Some might ask: Why Dr. Kadi Sesay when she is not the only Northerner in the race? The answer lies in her gender. As we learned from the Liberian contest, an accomplished female presidential candidate like Dr. Kadi Sesay will make the party appealing to women voters—who, by the way, outnumber men. Secondly, next to Krio women, Temne women are the second most non-traditional women in the country. Therefore, they are most likely to reject any male influence against voting for an accomplished woman candidate (especially one that is their daughter, mother, sister, and auntie) just because of her gender. Thus, the confluence of ethnic and gender solidarity will make a Kadi Sesay candidacy resonate with women voters all over the country, but especially in the Northwest.
The Liberian experience also informs us that accomplished female candidates in African elections have the capacity to generate significant goodwill within the international community toward their parties. This then translates into campaign contributions and political support. Moreover, as we learned in 2007 and from the contest between Ouattara and Gbagbo in Cote d’Ivoire, whether Christiana Thorpe may be allowed to toss out votes in 2012 will depend on which way the wind may be blowing in Western capitals at the time of the elections. With women in key positions in Western governments and international institutions, I believe that an accomplished woman candidate like Dr. Kadi Sesay will inoculate us against another bout of Christiana Thorpe’s yuki-yuki.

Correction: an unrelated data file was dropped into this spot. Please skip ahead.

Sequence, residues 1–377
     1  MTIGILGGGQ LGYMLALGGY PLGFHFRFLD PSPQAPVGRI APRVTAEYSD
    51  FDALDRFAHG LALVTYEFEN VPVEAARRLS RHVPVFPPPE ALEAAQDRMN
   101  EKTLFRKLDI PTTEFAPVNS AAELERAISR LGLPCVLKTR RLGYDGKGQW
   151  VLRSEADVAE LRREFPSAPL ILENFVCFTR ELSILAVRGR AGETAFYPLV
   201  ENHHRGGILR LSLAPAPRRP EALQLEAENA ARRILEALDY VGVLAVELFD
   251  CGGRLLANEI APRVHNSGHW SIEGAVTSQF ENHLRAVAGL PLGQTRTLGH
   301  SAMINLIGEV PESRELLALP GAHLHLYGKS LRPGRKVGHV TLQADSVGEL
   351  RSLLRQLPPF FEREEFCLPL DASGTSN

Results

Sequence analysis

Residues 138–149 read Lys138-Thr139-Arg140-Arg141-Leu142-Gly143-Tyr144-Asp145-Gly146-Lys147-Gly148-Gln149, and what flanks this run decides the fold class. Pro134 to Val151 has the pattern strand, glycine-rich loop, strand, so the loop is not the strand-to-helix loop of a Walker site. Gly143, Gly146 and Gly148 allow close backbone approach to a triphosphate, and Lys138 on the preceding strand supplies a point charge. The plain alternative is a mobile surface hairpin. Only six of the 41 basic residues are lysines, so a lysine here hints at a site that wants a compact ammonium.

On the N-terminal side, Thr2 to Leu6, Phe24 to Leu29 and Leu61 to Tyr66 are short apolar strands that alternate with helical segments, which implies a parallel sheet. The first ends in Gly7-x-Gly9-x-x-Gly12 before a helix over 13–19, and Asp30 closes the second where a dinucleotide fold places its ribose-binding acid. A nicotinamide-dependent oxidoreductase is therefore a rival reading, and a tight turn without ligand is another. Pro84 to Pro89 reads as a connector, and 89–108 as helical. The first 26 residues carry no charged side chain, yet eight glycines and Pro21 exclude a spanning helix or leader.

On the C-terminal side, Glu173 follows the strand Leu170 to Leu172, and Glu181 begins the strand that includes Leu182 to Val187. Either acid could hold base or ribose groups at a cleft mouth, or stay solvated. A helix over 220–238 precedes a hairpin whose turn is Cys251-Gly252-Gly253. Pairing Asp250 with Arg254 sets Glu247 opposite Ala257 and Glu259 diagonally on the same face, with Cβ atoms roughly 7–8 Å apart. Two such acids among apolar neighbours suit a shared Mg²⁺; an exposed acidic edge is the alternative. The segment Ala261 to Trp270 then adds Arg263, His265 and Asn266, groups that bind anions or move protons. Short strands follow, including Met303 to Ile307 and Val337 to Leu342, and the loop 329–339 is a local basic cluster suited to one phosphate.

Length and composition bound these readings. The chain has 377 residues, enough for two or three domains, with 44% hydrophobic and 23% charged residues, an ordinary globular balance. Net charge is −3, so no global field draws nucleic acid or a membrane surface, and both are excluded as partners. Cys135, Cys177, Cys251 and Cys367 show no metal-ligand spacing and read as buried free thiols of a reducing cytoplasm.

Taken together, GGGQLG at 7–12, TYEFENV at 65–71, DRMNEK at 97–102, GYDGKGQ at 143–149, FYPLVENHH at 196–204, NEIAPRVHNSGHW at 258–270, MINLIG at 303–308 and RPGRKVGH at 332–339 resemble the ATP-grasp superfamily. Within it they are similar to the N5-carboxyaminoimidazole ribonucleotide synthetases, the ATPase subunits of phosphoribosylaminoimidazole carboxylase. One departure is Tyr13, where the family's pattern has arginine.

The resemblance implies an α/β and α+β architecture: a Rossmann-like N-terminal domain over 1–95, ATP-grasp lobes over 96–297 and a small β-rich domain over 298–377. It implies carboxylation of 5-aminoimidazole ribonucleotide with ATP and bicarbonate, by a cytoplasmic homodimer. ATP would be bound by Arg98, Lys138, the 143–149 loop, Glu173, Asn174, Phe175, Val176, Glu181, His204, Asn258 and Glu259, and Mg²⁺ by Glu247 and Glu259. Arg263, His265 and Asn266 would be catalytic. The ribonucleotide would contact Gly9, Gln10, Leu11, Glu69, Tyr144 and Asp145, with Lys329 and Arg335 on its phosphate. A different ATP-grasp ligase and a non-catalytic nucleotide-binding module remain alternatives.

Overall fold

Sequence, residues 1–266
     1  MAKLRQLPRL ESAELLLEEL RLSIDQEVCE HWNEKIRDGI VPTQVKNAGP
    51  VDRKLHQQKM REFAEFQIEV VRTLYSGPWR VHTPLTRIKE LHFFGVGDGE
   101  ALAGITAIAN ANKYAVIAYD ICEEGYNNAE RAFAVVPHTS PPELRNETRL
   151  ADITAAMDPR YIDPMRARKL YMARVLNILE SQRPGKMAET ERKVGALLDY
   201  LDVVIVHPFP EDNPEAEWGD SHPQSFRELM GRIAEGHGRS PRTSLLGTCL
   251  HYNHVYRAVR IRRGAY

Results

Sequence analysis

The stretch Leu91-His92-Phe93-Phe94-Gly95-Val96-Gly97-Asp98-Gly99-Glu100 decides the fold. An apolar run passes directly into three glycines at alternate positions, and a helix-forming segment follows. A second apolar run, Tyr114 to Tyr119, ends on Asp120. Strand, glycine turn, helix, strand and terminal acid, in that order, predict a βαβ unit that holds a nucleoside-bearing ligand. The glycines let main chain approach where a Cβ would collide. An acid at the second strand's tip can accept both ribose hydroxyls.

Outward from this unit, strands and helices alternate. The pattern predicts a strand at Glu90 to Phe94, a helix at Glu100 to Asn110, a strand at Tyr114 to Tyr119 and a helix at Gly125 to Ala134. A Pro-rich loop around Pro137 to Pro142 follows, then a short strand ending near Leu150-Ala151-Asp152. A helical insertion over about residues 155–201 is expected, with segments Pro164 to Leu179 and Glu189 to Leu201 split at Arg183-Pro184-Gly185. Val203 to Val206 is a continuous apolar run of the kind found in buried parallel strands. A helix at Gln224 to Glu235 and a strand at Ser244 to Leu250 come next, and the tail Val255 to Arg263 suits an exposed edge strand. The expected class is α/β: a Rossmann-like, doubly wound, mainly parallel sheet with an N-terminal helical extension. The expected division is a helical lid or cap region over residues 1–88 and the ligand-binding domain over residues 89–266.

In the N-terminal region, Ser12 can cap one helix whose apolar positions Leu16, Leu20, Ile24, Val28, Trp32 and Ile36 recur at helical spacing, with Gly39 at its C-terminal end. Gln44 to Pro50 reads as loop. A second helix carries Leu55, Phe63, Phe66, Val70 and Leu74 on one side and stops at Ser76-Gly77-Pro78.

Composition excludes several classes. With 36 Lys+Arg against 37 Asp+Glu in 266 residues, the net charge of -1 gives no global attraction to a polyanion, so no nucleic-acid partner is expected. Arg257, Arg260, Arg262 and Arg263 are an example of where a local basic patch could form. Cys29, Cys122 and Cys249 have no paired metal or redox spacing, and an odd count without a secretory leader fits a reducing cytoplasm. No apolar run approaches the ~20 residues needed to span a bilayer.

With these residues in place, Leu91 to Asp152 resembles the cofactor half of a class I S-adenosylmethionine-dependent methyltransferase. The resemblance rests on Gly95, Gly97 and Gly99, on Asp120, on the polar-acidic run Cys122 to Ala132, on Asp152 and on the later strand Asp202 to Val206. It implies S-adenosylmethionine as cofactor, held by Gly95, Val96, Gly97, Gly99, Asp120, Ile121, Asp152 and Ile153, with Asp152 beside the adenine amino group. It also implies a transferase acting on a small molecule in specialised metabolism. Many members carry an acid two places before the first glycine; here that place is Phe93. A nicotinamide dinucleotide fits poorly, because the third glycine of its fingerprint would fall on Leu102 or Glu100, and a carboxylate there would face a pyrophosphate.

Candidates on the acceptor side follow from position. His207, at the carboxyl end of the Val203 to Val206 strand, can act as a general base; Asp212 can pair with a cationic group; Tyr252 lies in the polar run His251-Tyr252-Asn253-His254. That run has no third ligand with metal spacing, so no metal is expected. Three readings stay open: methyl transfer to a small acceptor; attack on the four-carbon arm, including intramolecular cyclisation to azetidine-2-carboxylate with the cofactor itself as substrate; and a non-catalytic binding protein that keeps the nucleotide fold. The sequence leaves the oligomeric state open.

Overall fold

I must note that my argument for nominating Dr. Kadi Sesay should not be misconstrued as a suggestion that Southeasterners should never become president. As Nigeria’s ruling PDP have done, we can preserve regional equity in the party by allowing the presidency to rotate between the Northwest and the Southeast after every two terms. And because Northerners feel aggrieved by the 1964 fiasco, the presidency should go to them first. Knowing that hell will freeze before the APC allows their Temne coalition members to lead them, we can be doubly sure that they are not likely to enter into their own rotational arrangement with the Southeast. Therefore, if we agree to a presidential rotation between the regions, we would forever consign our APC friends to permanent opposition—because the average Sierra Leonean knows that, when we abstract from ethnicity, the SLPP’s intellectual resources and fidelity to a culture of fair-play and the rule of law makes us better custodians of the people’s business than the APC.
I will close with the Mende proverb that sensible people do not allow the same river to disrobe them each time they cross it. They may be excused the first time they cross the river for getting their pants wet and having to disrobe in order to get them dry before continuing their journey because they may not know its depth. However, if a person insists on crossing the same river in the same manner each time and ends up revealing her/his nakedness each time, then (s)he is not only a fool, but a stupid fool.
We have revealed our nakedness in national elections since 1967 each time we have fielded a non-Northern candidate as our leader. And when we did otherwise in 1996 and 2002, we won two elections. Thus, we can avoid being disrobed by the same river this time around by crossing in Dr. Kadi Sesay’s boat. Doing otherwise will reveal to the world that we are indeed stupid fools.
Long Live the SLPP and the Republic in whose service our true calling lies!